and proper that they should have what their hormones seemed to be calling for--sex. But emotionally satisfying sexual pleasure did not always
come easily to them. They might be sexually inept; they might not be
good-looking or suave; they might not be able to manage the intricate
negotiations of modern sex. Or they might have entirely too many sexual
choices for their own youthful good.As many commentators have noted, however, the dilemmas of the new
sexual orthodoxy for women went well beyond these male psychic problems. Women had to work harder than men to ignore certain realities that
the orthodoxy itself did not account for. One was that they were far more
often the objects of sexual abuse and violence than men were. Another
was that early intercourse was more painful for them than it was for men--
and that, in intercourse, real sexual pleasure often came more slowly. And
a third was that pregnancy and abortion were experiences that belonged
to their bodies, not to men's and the traumas that were part of these experiences were almost always more severe for women. Finally, women who
were no longer adolescents might discover in their thirties and forties
that, as an ethic of personal choice rather than of necessity and commitment, the new sexual orthodoxy had left them with dependent children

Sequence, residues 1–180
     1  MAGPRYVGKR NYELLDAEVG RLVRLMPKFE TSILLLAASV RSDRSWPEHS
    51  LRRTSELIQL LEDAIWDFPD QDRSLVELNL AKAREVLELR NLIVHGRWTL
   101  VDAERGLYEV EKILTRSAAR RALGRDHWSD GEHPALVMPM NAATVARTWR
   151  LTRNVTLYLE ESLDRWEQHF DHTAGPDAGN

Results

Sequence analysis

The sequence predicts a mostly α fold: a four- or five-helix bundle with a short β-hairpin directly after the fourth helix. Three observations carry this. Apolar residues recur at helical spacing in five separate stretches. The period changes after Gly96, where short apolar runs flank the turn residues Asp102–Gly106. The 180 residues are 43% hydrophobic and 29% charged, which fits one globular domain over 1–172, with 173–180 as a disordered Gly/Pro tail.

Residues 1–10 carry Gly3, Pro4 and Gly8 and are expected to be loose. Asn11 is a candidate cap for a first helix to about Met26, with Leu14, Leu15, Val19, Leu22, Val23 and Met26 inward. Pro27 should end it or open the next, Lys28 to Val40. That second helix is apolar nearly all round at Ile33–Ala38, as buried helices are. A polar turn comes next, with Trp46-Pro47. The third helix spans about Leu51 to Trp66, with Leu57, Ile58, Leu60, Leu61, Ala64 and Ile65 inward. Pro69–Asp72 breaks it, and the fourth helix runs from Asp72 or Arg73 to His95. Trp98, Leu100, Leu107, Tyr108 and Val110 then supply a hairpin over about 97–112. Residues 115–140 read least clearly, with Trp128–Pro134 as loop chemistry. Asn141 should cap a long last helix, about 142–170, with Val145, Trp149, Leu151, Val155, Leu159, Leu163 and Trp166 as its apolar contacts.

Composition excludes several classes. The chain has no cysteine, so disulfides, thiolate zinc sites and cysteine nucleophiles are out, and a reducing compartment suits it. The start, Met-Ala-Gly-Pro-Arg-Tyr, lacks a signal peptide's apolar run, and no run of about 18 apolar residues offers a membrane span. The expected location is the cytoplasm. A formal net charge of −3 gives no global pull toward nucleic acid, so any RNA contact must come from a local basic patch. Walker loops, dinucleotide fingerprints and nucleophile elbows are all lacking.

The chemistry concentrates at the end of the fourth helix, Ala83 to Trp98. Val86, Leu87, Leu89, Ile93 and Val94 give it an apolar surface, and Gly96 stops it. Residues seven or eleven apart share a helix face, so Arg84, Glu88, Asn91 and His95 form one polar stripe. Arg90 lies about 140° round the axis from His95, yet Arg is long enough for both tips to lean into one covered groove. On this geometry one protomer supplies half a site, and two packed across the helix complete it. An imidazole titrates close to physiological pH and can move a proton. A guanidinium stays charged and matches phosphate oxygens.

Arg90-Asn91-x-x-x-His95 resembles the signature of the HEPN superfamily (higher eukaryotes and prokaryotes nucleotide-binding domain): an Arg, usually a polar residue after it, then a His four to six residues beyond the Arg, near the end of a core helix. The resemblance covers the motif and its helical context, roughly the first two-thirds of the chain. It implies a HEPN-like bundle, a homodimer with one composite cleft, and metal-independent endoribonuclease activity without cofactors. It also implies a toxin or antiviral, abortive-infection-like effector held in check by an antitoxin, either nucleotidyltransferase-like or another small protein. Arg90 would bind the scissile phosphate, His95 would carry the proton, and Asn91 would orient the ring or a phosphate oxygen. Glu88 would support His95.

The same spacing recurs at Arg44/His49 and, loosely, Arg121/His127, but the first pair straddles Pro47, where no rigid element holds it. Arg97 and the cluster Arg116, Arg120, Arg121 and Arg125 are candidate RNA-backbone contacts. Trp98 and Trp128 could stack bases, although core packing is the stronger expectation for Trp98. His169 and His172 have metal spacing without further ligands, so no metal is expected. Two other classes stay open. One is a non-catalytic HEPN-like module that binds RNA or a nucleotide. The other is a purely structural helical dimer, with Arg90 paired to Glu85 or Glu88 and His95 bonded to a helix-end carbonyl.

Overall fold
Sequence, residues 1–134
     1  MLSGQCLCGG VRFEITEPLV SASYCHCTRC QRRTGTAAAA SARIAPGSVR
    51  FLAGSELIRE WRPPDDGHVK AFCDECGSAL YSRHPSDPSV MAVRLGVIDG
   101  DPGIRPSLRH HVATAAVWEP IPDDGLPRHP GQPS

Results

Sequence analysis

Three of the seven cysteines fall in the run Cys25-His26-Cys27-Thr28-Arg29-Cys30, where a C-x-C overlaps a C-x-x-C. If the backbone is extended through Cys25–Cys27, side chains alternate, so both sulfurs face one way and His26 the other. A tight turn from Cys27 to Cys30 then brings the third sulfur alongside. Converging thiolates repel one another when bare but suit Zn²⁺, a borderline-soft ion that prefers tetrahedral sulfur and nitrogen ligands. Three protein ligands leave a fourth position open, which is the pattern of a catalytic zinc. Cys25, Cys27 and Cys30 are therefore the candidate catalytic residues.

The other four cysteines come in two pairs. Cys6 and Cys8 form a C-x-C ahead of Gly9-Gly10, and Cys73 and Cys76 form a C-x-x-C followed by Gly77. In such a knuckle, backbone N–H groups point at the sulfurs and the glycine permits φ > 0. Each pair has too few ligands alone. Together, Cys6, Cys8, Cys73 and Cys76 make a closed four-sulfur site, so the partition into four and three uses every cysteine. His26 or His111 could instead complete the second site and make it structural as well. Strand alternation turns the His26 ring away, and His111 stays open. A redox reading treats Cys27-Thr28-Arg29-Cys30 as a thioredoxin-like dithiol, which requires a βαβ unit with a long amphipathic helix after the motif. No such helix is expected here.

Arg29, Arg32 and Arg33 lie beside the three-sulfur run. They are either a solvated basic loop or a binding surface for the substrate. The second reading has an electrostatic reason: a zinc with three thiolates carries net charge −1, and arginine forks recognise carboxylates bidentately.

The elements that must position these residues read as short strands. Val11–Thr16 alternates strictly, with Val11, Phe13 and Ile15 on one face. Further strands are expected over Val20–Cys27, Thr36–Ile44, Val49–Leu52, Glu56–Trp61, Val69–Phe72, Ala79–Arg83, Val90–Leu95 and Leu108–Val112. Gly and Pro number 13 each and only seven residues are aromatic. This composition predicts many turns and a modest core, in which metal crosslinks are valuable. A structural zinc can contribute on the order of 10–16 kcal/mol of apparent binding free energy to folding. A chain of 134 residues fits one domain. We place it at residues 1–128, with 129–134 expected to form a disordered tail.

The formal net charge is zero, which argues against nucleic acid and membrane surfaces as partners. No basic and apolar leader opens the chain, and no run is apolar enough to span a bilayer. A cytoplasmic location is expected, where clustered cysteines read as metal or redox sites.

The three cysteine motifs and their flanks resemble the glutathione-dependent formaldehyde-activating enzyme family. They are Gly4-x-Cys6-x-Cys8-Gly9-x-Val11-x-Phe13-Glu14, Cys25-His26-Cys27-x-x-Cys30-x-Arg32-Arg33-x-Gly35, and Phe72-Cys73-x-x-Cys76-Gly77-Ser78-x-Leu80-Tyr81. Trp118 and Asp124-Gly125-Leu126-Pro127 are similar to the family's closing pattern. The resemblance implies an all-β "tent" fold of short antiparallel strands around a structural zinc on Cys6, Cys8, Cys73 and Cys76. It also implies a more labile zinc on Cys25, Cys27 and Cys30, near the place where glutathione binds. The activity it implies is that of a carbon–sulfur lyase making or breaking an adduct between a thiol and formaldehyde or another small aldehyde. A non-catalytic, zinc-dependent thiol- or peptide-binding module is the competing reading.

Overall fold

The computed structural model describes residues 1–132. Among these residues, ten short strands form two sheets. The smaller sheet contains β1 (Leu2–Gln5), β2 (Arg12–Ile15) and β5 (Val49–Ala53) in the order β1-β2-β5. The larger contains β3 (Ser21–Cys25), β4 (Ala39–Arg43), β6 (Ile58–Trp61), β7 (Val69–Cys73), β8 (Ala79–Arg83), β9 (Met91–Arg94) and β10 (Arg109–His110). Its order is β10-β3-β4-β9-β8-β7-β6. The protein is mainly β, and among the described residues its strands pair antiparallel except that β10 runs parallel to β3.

and an absent spouse, with drastically reduced sexual prospects of their
own, and with inferior occupations and much higher poverty levels than
those of equivalently educated men of the same age (see Ehrenreich 1983).The young women who wrote these papers were not in this real world
of sexual adulthood yet, however. Nor did they spend much time trying
to think ahead toward it. By and large, like their mostly male sexual partners, they lived in the present. And for the most part, like the men, they
found the sexual present to be good and fun and exciting and, ideally,
laced with pleasure.
|The most common
question about this part of my research has been, What impact is
AIDS having on the adolescent
sexual mentalities and behaviors
outlined in this chapter and the
next? Curiously, according to my
research, not much. As indicated
below, most heterosexual Rutgers
students were not thinking about
this issue with any intensity in 1986 and early 1987, when this research was conducted. Not that
the AIDS threat was unknown dur|
Questia, a part of Gale, Cengage Learning. www.questia.com
Book title: Coming of Age in New Jersey:College and American Culture.
Contributors: Michael Moffatt - Author.
Publisher: Rutgers University Press.
Place of publication: New Brunswick.
Publication year: 1989.
Page number: 231.
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